Teammates

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30640
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This is the moving story of how Jackie Robinson became the first black player on a Major League baseball team when he joined the Brooklyn Dodgers in the 1940s, and how on a fateful day in Cincinnati, Pee Wee Reese took a stand and declared Jackie his teammate. Illustrated with a blend of historic photographs and eloquent watercolors by Paul Bacon.

  • Author: Peter Golenbock
  • Paperback: 32 pages
  • Published: August, 1992
  • Dimensions: 11 x 0.1 x 8.4 inches
Player Biography

In 1947, Jackie Robinson broke the major leagues’ unwritten color barrier, becoming the first black player in the 20th century. Teammate and Hall of Famer Duke Snider called him “the greatest competitor I’ve ever seen.” Robinson was selected by Brooklyn Dodgers general manager Branch Rickey not only for the skills he brought to the field, but also those he possessed off it. A man of great character, Robinson lettered in four sports at UCLA before becoming an officer in the U.S. Army during World War II. In 1997, Robinson was honored posthumously when Major League Baseball universally retired his uniform number, 42.

Harold “Pee Wee” Reese captained the dominant Brooklyn Dodgers teams of the 1950s, as a symbol of strength and unity – both on and off the field. An outstanding defensive player, Reese led the National League in putouts four times, double plays twice, fielding percentage and assists once each, while forming one of baseball’s top double-play combinations with Jackie Robinson. Their relationship drew national attention during Robinson’s 1947 barrier-breaking season when Reese offered public support of baseball’s first African-American teammate.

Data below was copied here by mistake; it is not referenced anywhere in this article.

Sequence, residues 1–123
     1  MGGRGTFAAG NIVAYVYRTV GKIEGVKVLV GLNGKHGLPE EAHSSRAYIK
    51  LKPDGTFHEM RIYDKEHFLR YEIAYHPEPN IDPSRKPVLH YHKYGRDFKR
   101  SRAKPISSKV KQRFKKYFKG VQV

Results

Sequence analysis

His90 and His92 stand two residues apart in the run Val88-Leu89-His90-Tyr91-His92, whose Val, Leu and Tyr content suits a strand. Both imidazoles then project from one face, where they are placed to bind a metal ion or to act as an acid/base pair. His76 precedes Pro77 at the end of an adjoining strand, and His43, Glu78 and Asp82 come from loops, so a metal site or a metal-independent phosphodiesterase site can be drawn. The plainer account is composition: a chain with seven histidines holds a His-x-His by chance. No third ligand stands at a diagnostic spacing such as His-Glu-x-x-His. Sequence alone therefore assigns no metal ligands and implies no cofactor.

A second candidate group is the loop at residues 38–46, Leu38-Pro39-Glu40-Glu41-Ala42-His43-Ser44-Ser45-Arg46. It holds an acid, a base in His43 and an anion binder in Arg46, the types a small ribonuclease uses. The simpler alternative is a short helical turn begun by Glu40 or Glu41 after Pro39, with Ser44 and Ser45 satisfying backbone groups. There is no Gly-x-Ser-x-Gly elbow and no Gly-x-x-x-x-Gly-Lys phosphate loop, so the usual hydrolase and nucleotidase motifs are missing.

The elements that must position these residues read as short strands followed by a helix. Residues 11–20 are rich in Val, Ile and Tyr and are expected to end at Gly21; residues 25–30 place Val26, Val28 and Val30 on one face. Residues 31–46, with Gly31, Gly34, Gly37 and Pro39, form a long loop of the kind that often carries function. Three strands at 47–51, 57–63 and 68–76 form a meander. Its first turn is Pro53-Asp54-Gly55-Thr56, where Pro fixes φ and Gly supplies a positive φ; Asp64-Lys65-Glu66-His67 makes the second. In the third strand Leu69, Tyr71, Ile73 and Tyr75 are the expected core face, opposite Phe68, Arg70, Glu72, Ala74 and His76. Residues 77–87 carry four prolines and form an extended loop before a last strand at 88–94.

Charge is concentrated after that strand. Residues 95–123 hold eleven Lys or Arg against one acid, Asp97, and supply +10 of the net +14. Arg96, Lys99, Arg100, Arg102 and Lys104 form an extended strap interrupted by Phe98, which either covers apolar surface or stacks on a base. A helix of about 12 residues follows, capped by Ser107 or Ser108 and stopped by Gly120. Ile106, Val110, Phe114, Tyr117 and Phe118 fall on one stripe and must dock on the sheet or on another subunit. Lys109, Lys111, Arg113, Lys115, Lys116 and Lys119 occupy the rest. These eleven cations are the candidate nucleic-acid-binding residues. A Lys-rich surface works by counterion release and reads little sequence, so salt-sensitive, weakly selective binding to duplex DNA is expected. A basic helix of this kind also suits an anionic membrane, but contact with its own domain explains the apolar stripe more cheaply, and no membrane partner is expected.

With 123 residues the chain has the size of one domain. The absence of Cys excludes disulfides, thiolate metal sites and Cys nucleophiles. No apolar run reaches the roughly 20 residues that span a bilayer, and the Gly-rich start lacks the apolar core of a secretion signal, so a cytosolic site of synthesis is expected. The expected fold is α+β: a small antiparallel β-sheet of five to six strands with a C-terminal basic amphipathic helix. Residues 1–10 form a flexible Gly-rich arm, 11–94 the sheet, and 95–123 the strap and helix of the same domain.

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This is the moving story of how Jackie Robinson became the first black player on a Major League baseball team when he joined the Brooklyn Dodgers in the 1940s, and how on a fateful day in Cincinnati, Pee Wee Reese took a stand and declared Jackie his teammate. Illustrated with a blend of historic photographs and eloquent watercolors by Paul Bacon.

  • Author: Peter Golenbock
  • Paperback: 32 pages
  • Published: August, 1992
  • Dimensions: 11 x 0.1 x 8.4 inches
Player Biography

In 1947, Jackie Robinson broke the major leagues’ unwritten color barrier, becoming the first black player in the 20th century. Teammate and Hall of Famer Duke Snider called him “the greatest competitor I’ve ever seen.” Robinson was selected by Brooklyn Dodgers general manager Branch Rickey not only for the skills he brought to the field, but also those he possessed off it. A man of great character, Robinson lettered in four sports at UCLA before becoming an officer in the U.S. Army during World War II. In 1997, Robinson was honored posthumously when Major League Baseball universally retired his uniform number, 42.

Harold “Pee Wee” Reese captained the dominant Brooklyn Dodgers teams of the 1950s, as a symbol of strength and unity – both on and off the field. An outstanding defensive player, Reese led the National League in putouts four times, double plays twice, fielding percentage and assists once each, while forming one of baseball’s top double-play combinations with Jackie Robinson. Their relationship drew national attention during Robinson’s 1947 barrier-breaking season when Reese offered public support of baseball’s first African-American teammate.

Men's Jerseys

JERSEY SIZE 40 44 48 52 56 60
Size Equivalent S M L XL 2XL 3XL 4XL
Chest 34 - 36" 38 - 40" 42 - 44" 46 - 48" 50 - 52" 54 - 56" 58 - 60"
Waist 28 - 30" 32 - 34" 36 - 38" 40 - 42" 44 - 46" 48 - 50" 52 - 54"
Hip 34 - 36" 38 - 40" 42 - 44" 46 - 48" 50 - 52" 54 - 56" 58 - 60"